EVALUATION 17 2.4Effect of concomitant drugs on

EVALUATION OF HORMONAL CONTRACEPTIVE EFFECTIVENESS AMONG WOMEN IN GASABO DISTRICTBYCLAUDINE UWAMARIYABPHARM/2014/76994A research project proposal submitted in partial fulfillment of the requirement for the bachelor of pharmacy degree from Mount Kenya University.APRIL 2018 DECLARATIONINVESTIGATORI declare that this is my original work and has not been presented for award of any degree in any university.Student Name: UWAMARIYA ClaudineSign ____________________ Date _____________ SUPERVISOR This research project has been submitted with my approval as the Mount Kenya University Supervisor.Supervisor Name: Dr. TWAHIRWA EpaphroditeSign ____________________ Date _____________ TABLE OF CONTENTSContentsDECLARATION 3TABLE OF CONTENTS 4TABLE OF FIGURES 6ABSTRACT 7ACRONYMS AND ABBREVIATIONS 8DEFINITIONS OF KEY TERMS 9CHAPTER I: GENERAL INTRODUCTION 101.

1. Background of the study 101.2. Problem statement 111.

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3. Study Objectives 111.3.

1. Broad Objective 111.3.2.

Specific objectives 111.4. Research questions 111.5. The significance of the study 11CHAPTER II: LITERATURE REVIEW 132.

1. Introduction 132.2. Review of past studies 132.

2.1. Some types of hormonal contraceptive methods 132.3. Prevalence of hormonal contraceptive use, failure, and discontinuation 162.

3.1. Prevalence of hormonal contraceptive use 162.3.

2. Contraceptive failure 172.4Effect of concomitant drugs on hormonal contraceptives 192.5 Lack of adherence to hormonal oral contraceptives 202.6 Recommendation for missed pills 212.7 Discontinuation reasons of hormonal contraceptive methods 212.

8 Conceptual framework 222.8.1 Explanation of conceptual framework 222.

9. Summary 23CHAPTER III: METHODOLOGY 243.1 Introduction 243.2. Study design 243.3.

Study population and site 243.4. Sampling method and Sample size 243.

5. Data collection process 243.6. Enrolment criteria 253.6.1.

Inclusion criteria 253.6.2. Exclusion criteria 253.7.

Data collection tool 253.8. Data entry and data analysis 253.9. Ethical considerations 26References 28References 28APPENDICES 30APENDEX I: CONSENT FORM 30DECLARATION FOR THE CONSENT 31APPENDEX II: QUESTIONNAIRE 32APPENDEX III: RESEARCH PROJECT WORK DESIGN 33TABLE OF FIGURESFIGURE 1: CONCEPTUAL FRAMEWORK 22ABSTRACTBackground: The failure and discontinuation of contraceptive methods are considered to raise the levels of unintended births and induced abortion.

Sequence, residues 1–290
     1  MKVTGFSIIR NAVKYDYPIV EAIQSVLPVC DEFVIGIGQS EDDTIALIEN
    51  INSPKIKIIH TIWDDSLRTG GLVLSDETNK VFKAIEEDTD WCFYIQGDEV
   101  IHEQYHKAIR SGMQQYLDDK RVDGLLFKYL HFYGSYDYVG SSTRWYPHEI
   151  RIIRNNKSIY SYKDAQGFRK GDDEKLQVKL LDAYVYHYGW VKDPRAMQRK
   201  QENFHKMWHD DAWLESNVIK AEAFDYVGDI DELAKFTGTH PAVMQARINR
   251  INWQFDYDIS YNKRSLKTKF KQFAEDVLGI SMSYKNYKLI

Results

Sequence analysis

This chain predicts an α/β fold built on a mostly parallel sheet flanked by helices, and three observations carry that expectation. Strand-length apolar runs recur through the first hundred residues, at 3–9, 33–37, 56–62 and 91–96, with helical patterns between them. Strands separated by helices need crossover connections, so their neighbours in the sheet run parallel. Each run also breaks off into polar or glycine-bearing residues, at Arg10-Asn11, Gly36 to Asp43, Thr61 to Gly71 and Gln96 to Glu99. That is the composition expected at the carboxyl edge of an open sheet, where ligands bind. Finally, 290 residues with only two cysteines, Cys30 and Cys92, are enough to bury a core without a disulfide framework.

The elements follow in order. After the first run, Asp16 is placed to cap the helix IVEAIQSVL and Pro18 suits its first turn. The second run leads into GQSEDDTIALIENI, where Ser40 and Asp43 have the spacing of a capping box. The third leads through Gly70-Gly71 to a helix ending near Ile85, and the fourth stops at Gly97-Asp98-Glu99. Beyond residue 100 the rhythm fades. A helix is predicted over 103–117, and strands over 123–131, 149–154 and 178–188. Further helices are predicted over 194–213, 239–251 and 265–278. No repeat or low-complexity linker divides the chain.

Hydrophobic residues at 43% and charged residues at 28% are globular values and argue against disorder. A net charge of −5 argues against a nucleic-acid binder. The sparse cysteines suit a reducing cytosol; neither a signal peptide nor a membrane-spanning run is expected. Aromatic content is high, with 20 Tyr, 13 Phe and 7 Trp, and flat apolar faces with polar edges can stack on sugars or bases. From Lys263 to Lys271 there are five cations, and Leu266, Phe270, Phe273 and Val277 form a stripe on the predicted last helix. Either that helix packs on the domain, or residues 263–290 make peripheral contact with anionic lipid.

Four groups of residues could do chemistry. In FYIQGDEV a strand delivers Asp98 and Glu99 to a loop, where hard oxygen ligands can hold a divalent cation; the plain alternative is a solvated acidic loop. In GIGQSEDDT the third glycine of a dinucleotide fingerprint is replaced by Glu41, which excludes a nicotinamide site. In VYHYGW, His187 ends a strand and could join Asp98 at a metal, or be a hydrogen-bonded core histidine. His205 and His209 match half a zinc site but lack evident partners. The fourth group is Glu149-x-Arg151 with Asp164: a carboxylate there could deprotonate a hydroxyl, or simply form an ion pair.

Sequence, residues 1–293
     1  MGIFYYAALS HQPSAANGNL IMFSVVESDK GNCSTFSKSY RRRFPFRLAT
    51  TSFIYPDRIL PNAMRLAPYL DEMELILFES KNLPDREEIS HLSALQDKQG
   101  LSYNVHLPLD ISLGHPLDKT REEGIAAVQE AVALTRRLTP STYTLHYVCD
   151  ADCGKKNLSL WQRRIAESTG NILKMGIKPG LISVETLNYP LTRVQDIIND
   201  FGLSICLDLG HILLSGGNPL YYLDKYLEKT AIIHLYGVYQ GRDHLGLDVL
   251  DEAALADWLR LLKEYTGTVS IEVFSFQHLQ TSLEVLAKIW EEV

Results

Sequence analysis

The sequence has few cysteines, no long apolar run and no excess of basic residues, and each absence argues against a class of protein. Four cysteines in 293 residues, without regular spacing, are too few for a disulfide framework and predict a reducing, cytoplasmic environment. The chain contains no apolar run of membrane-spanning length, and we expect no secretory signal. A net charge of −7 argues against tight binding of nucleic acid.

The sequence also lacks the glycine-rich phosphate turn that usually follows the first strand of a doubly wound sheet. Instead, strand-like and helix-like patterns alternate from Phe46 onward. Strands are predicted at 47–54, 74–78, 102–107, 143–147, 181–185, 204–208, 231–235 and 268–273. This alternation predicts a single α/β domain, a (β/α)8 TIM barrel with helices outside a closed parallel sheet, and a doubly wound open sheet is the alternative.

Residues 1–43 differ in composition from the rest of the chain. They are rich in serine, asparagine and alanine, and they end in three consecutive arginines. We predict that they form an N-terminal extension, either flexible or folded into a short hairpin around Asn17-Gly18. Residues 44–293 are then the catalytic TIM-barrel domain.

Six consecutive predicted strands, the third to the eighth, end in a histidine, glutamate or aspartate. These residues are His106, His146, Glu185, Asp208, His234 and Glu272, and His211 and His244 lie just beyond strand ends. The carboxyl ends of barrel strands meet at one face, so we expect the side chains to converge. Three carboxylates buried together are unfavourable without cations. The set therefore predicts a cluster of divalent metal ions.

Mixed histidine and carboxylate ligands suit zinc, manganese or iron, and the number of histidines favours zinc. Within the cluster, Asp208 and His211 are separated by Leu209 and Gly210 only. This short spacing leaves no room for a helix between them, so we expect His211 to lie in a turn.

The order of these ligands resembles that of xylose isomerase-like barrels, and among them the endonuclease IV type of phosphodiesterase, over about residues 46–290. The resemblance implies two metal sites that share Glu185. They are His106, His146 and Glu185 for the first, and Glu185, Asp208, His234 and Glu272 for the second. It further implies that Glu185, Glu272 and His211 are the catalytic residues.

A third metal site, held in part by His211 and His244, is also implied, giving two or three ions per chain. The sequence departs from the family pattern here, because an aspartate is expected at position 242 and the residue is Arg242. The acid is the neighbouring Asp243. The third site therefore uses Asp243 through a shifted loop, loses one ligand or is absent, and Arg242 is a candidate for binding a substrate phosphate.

The aim of this study is to evaluate the effectiveness of hormonal contraceptives methods among women in Gasabo district. Objective: The objective of this research project is to determine the failure rate of hormonal contraceptives methods among women in Gasabo district and to identify the reasons for discontinuing hormonal contraceptive.Methodology: A descriptive quantitative study using a structured-interview method was used to collect data at three health facilities which are Gihogwe, Kabuye and Nyacyonga health center.

SPSS was used to compute the data in form tables and charts. Expected outcomes: the success of this study will participate in the increasing awareness about hormonal contraceptive effectiveness and also help in reducing the failure and rate of discontinuation among women.ACRONYMS AND ABBREVIATIONSART: Antiretroviral therapy COP: Combined oral pills CPN: Consultation pre-natalDHS: Demographic health survey DMPA: Depot medroxyprogesterone acetate IUD: Intra-uterine device OC: Oral contraceptive PMTCT: Prevention of mother-to-child transmission POP: Progestin-only pills UK: United Kingdom US: United State VCT: Vaccination WHO: World health organization DEFINITIONS OF KEY TERMS 1.Combined oral pills contraceptive pills: which contain low dose of estrogen and progesterone which work mainly by stopping ovulation, this means that it acts by preventing a woman’s ovaries from releasing an egg each month, are the most popular method of contraception among female adolescents (Black A. , 2004) (Gajria, 2012). 2.

Combined injectable contraceptives: are contraceptive injectable which contain two hormones, a progestin and an estrogen, combined injectable contraceptives were developed to address troublesome side effects of progestin-only formulations (Gallo M. F., 2008). 3.The implant: is a small, flexible rod which is inserted under the skin of the inner upper arm.

It slowly releases a progestogen hormone to prevent pregnancy for up to 5 years (Gajria, 2012).4.Progestin-only pills: are contraceptive pills which contain a very small amount of only one kind of hormone, progestin (Cathy Solter ; International, P. Module 4, 1999).

5.Depo-Provera: is contraceptive injectable which contain only one kind of hormone, progestin (Gallo M. F.

, 2008).?CHAPTER I: GENERAL INTRODUCTION1.1. Background of the studyContraception allows women, and couples, to determine if and when to have children; and it plays a pivotal role in population control, poverty reduction, and human development (KATHLEEN McNAMEE MB BS, 2013). But when the fail, they result in unintended births which in turn lead to grave consequences for the health and well-being of women and families, particularly in low- and middle-income countries where maternal mortality is high and abortions are often unsafe (SARAH.

E.K., 2011).According to some studies, none adherence is one of the reasons for contraceptive failure and it depends on the methods used.

For example, more efficacy was found with male and female sterilization and the long-acting reversible contraceptives, while low efficacy was found with hormonal contraceptives requiring more frequency of administration and consequently more adherence (James Trussell, P. , 2013). Other studies suggest that demographic and Socioeconomic Characteristics have also an impact on the contraceptive failure rate.